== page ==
Biden, Clintons to deliver tributes at Madeleine Albright’s funeral

WASHINGTON — Current and former presidents, US government officials, secretaries of state, foreign ministers, ambassadors and a large congressional delegation are expected to attend the funeral service Wednesday of the late Secretary of State Madeleine Albright.

President Joe Biden will deliver the first tribute at the service, which is scheduled to begin at 11 a.m. ET, at Washington National Cathedral. Former President Bill Clinton and former Secretary of State Hillary Clinton are also scheduled to give remarks.

Biden became the ranking member on the Senate Foreign Relations Committee in 1997, shortly before Albright became secretary of state, nominated as the first woman to be America’s top diplomat by President Clinton. Hillary Clinton was first lady during Albright’s tenure and they became close friends.

Organizers are planning for 1,400 people to attend the funeral service, which is expected to last about two hours. Albright’s burial is scheduled for immediately after the service and will be attended only by family.

Former President Barack Obama and first lady Michelle Obama, former Vice President Al Gore, and former Secretaries of State John Kerry and Condoleezza Rice are expected to attend the memorial service.

Other attendees include several members of Biden’s Cabinet and top aides, including Secretary of State Antony Blinken, Defense Secretary Lloyd Austin, Veterans Affairs Secretary Denis McDonough, Director of National Intelligence Avril Haines, CIA Director William Burns, national security adviser Jake Sullivan, Chairman of the Joint Chiefs of Staff Gen. Mark Millley and US Agency for International Development Administrator Samantha Power.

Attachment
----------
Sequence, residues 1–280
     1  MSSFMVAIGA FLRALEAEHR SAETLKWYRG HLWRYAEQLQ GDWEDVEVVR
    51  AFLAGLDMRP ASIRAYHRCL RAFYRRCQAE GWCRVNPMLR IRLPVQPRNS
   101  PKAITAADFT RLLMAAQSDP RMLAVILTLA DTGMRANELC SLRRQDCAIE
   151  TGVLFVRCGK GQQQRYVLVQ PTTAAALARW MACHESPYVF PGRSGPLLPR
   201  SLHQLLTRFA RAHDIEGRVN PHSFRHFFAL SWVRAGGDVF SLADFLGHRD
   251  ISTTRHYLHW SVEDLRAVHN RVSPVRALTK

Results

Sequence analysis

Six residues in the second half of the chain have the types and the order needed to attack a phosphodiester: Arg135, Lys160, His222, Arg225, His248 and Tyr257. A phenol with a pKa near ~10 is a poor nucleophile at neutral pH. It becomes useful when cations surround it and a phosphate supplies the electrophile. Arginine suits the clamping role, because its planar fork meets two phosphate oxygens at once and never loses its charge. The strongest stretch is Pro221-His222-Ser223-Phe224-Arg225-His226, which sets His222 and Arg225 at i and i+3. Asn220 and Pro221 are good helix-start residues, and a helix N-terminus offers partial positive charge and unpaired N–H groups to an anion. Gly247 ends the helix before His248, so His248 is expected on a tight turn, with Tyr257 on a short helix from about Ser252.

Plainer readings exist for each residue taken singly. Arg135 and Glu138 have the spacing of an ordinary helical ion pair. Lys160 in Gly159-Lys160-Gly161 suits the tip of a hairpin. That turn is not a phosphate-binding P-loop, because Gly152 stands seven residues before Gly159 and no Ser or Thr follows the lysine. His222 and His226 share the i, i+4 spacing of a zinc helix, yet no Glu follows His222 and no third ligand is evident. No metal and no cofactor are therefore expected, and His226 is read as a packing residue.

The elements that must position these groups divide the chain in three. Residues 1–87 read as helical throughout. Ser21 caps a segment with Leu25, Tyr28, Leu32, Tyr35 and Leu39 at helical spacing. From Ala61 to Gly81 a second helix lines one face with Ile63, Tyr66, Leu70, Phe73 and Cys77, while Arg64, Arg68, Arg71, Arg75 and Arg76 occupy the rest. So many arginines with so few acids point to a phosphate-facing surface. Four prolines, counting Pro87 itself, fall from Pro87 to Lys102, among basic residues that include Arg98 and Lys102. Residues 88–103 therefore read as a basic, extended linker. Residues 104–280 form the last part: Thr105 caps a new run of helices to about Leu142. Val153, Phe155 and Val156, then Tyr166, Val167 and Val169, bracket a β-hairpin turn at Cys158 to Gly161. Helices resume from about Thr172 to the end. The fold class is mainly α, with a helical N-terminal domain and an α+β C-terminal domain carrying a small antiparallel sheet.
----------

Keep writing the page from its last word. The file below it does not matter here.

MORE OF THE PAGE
Congressional leaders who are expected to attend include House Speaker Nancy Pelosi, D-Calif., House Majority Leader Steny Hoyer, D-Md., and Senate Minority Leader Mitch McConnell, R-Ky.

The president and prime minister of Kosovo and the president of Georgia are among foreign leaders planning to attend.

Albright died of cancer at the age of 84 in March, her family said. She was born on May 15, 1937, in Prague, where her father was a diplomat, and her family fled Czechoslovakia when she was 2 years old to escape the Nazis. They initially moved to England, before settling in Denver in 1948. Albright became a US citizen in 1957, and graduated from Wellesley College. She later earned her doctorate in public law and government at Columbia University.

President Clinton named Albright the US ambassador to the United Nations shortly after he was inaugurated in 1993, and nominated her to be his secretary of state three years later. She was confirmed in 1997 by a vote of 99-0. At the time, she was the highest-ranking woman in the history of the US government.

After she became secretary of state, Albright found out from a Washington Post reporter that she was of Jewish descent. She had been raised Roman Catholic, and was “stunned” when reporter Michael Dobbs’ research showed that “three of my grandparents and numerous other family members had died in the Holocaust,” Albright told Politico in 2012.

After leaving the public office, Albright went on to teach at Georgetown University’s School of Foreign Service and became a prolific author, writing seven New York Times bestsellers.

In 2012, then-President Barack Obama awarded Albright the Medal of Freedom, the country’s highest civilian honor.

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